Please ensure Javascript is enabled for purposes of website accessibility

3 Things You Can Do Right Now to Make Retirement Easier

By Maurie Backman – Nov 13, 2018 at 6:28AM

You’re reading a free article with opinions that may differ from The Motley Fool’s Premium Investing Services. Become a Motley Fool member today to get instant access to our top analyst recommendations, in-depth research, investing resources, and more. Learn More

A little effort today could make a big difference down the line.

Though many folks look forward to retirement and the chance to escape the daily grind of office life, the idea of giving up a steady paycheck is a worrisome prospect. In fact, running out of money is such a major retirement concern that 60% of older Americans claim they're more afraid of outliving their savings than of actually dying.

The good news, however, is that there are steps you can take today to make retirement less stressful. Here are a few important ones to start with.

1. Assess your savings

You might log on to access your retirement account balance and see a pretty substantial number on the screen. But what does that number actually mean? It's easy to look at a balance of, say, $500,000 and think, "Wow, that's a lot of cash." At the same time, you may be wondering whether that's enough savings to live on.

Senior man holding papers in one hand and a mug in the other.


That's why it's crucial to understand what sort of retirement income stream your savings will actually produce and whether it's likely to be enough. As a general rule, if you begin by withdrawing 4% of your savings balance in your first year of retirement and then adjust subsequent withdrawals for inflation, there's a strong chance you won't have to worry about depleting your nest egg for a good 30 years. Therefore, if you're looking at $500,000 in savings and plan on withdrawing about 4% a year, that translates into $20,000 of annual retirement income.

Of course, that figure alone won't tell you how much income you have to look forward to in retirement. Ideally, you'll have other sources of income, like Social Security benefits and perhaps a part-time job, at your disposal as well. But knowing what sort of income stream your savings will provide can help you determine whether you've amassed enough to bring your career to a close.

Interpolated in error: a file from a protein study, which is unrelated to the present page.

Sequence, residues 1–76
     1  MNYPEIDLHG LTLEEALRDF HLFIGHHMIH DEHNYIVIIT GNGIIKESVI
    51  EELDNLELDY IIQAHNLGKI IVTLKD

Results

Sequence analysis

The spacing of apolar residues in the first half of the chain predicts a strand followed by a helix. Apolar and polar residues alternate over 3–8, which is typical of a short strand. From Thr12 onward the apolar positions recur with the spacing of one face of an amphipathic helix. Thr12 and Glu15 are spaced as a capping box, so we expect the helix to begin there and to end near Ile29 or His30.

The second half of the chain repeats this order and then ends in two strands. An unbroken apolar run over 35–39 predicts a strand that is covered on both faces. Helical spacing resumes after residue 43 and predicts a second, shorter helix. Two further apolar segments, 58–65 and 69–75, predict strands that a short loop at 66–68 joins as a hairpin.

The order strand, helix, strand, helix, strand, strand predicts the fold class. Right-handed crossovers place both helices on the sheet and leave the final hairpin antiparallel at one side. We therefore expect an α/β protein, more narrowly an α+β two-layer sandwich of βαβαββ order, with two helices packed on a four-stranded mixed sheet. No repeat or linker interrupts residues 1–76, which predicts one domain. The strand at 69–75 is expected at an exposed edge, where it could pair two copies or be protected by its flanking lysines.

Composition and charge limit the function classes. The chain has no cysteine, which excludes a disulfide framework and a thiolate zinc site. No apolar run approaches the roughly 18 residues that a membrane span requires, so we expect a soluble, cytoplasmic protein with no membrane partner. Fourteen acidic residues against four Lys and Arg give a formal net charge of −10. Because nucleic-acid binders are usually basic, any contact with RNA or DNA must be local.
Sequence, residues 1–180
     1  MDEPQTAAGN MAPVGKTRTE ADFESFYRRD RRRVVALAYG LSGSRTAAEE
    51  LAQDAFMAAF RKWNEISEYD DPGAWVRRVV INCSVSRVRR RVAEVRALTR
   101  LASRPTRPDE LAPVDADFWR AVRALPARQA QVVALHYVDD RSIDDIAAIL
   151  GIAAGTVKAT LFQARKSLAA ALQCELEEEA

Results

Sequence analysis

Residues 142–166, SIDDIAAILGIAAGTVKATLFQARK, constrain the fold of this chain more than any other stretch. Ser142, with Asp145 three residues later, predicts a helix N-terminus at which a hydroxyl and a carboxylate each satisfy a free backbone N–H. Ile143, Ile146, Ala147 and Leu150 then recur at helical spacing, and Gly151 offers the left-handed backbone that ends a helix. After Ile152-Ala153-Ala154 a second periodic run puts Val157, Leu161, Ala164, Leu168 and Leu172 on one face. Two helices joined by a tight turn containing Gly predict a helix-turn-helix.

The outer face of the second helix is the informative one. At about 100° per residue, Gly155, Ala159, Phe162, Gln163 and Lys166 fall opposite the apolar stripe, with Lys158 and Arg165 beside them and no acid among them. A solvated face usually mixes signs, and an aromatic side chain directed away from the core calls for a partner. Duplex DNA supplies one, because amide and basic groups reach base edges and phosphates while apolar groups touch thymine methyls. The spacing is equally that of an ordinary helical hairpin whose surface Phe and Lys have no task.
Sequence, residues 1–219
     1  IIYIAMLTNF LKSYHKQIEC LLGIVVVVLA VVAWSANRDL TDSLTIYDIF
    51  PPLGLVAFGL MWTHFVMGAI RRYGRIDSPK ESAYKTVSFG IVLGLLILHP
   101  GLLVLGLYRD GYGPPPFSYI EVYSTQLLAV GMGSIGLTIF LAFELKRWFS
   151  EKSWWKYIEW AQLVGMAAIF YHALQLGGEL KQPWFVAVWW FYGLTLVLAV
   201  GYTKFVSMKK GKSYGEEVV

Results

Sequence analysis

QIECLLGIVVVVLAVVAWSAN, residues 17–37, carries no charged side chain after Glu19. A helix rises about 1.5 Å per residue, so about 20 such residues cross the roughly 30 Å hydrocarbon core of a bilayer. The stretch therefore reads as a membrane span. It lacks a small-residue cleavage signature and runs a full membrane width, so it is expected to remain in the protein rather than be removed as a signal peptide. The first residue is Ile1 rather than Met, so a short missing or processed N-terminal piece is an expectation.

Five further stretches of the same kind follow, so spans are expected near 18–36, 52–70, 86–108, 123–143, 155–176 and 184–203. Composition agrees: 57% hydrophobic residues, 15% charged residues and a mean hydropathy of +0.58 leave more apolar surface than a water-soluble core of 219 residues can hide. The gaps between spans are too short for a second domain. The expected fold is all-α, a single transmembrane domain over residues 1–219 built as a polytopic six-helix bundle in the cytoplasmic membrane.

Keep in mind, however, that unless you're housing your retirement savings in a Roth IRA or 401(k), you'll lose a portion of your withdrawals to taxes. Going back to our example, if you're looking at withdrawing $20,000 a year from a traditional retirement plan and your tax rate is 25%, that means you'll only have $15,000 a year to use in practice.

2. Create a budget

Following a budget is just as crucial during retirement as it is during your working years. In fact, you might even argue that it's more important during retirement, when you're on a fixed income with limited wiggle room.

The closer you get to retirement, the easier a time you'll have estimating your monthly living costs. But that doesn't mean you can't take an educated guess if you're younger, so examine your current spending and adjust it for things like inflation and lifestyle changes. For example, once you stop working, you're apt to spend more time at home, so your utility bills might climb. At the same time, if you currently commute to work and spend $300 a month on gas and tolls, you'll probably get some relief in that area once you no longer have a job to drive to.

Don't forget that there are two spending categories that are more likely than not to climb during retirement: healthcare and leisure. That's because aging tends to bring about medical issues, and not spending 40 hours a week or more at the office opens the door to more free time to occupy. But if you plan for these costs, you won't be caught off guard later on.

3. Read up on Social Security

The more strategic you are about Social Security, the more money you stand to collect from it in retirement, so if you're relatively clueless about that topic, take the time to get educated on how you can maximize your benefits. To get you started, one of the most important things you can do is know your full retirement age, because that's when you'll be eligible for your full monthly benefits. Though you're allowed to file for Social Security before reaching full retirement age, doing so will reduce the amount you get to collect each month.

Another thing you should know is that you're not required to claim benefits upon reaching full retirement age. If you hold off on filing past that point, you'll boost your benefits by 8% a year up until age 70, and that higher figure is what you'll then collect each month for the rest of your life.

These are only a couple of key points about Social Security, so make an effort to understand how the program works. You'll be thankful for it later.

Retirement can be a dream come true if you take steps to prepare for it the right way. Follow these tips, and with any luck, you'll enjoy your golden years to the fullest.

The Motley Fool has a disclosure policy.

Premium Investing Services

Invest better with The Motley Fool. Get stock recommendations, portfolio guidance, and more from The Motley Fool's premium services.